The book of Hebrews is different than the other Epistles. Nobody really knows who wrote it. Authorship wasn't really ascribed to Paul until the 4th century, and while the translators of the King James Bible continue this tradition, it's writing style, grammar, and even subject matter is unlike anything else Paul wrote. Some people think one of Paul's students wrote it. Others have thought it might have been Priscilla, the woman Paul speaks of who raised Timothy to the faith. If, in fact a woman wrote Hebrews, afraid of the scandal of female teaching in a patriarchal world, it was all the more reason scholars speculate the early church buried the authorship. In the end, it might have been Paul, or it might not have been Paul.
But most scholars agree that the purpose of Hebrews was "encouragement". Encouragement to early Christians who were being persecuted, even slaughtered, and beginning to wonder if in the delay of the return of their Messiah, Jesus - which they had been promised was immanent - wasn't a delay, but rather a sign. A sign that he wasn't who others had been saying he was. Hebrews is a letter to people asking the questions, "Is our continued faith in Jesus worth the price?"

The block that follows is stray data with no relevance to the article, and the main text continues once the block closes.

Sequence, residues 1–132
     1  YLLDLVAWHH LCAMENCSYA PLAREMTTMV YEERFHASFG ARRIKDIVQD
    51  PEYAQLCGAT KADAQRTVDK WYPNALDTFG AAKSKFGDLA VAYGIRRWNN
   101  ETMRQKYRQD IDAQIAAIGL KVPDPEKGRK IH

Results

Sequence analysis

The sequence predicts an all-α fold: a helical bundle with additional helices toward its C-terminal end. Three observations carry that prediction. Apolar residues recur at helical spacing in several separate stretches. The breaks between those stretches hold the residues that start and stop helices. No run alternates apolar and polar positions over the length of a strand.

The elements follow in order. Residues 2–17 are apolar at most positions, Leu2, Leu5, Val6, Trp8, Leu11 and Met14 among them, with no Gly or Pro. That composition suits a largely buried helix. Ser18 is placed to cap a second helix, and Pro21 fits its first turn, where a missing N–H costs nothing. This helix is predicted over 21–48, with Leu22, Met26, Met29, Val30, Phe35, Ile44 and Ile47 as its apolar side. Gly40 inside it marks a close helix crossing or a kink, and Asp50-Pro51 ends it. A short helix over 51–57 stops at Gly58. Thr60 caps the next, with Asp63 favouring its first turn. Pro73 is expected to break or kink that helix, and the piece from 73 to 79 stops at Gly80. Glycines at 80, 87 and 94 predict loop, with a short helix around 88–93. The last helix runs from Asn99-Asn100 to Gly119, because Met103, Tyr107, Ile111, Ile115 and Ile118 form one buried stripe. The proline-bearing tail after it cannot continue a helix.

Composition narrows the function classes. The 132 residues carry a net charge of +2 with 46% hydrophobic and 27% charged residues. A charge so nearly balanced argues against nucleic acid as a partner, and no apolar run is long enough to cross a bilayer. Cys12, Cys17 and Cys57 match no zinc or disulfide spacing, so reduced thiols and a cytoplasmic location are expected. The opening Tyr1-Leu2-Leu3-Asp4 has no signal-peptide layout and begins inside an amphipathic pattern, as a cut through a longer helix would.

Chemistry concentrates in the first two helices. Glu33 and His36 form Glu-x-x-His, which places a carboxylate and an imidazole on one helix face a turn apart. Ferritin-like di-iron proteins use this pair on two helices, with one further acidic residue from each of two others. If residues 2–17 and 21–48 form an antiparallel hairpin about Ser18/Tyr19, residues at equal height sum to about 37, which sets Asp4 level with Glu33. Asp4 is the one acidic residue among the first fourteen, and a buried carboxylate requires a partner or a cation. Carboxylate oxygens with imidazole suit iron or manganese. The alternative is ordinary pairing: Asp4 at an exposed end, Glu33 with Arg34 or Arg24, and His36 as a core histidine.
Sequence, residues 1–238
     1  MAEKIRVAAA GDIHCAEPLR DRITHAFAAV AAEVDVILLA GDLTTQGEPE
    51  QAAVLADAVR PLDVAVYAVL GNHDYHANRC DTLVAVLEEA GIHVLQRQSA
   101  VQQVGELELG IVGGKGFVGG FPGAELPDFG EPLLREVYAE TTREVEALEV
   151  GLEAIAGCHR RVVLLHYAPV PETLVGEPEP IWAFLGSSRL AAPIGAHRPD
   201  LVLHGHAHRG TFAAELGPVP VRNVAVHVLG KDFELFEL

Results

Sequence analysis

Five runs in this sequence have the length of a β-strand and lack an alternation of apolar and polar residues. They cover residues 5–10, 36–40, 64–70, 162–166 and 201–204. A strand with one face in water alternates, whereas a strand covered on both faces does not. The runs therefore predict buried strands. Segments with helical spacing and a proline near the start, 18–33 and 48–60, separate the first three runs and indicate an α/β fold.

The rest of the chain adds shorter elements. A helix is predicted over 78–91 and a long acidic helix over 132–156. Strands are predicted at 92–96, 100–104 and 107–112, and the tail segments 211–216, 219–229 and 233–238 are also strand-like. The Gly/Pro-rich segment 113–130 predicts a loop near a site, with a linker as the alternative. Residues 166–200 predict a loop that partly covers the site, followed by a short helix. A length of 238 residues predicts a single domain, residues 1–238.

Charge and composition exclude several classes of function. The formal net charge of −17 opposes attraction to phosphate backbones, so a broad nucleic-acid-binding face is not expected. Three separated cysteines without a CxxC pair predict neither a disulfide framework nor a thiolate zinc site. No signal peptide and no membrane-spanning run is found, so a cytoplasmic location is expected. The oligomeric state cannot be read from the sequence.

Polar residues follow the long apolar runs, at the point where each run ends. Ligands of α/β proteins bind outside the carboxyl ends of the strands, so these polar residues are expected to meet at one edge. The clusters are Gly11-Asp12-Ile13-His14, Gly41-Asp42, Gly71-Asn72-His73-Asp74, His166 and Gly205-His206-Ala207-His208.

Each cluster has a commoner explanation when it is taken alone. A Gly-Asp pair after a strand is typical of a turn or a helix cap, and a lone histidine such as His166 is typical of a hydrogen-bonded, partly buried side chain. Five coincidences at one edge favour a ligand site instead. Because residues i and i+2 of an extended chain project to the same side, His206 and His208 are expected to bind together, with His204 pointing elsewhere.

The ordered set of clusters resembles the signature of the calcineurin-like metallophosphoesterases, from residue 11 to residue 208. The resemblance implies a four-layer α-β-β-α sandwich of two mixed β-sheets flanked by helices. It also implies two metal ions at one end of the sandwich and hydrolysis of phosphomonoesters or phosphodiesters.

Much of Hebrews is a reminder of all of those who have suffered so that the faith could be carried down through the ages to us. Of course the author spends a lot of time talking about the gift of Jesus, the gift of his blood. But the author also speaks of Abel who dies at the hands of his brother because of the sacrifice he makes to the Lord. Of Enoch, the only man we are given account of who God takes without tasting death because of his faithfulness. The author speaks of Noah, Abraham and Sarah, Issac, Jacob, Joseph, and Moses. He mentions Rahab, the prostitute at Jericho who risked her life so sneak the spies of Israel into the city. He lists judges like Gideon, kings like David, and prophets like Samuel. People of high and low places who when their moment came, their moment of truth, did what they had to in order to keep the faith alive.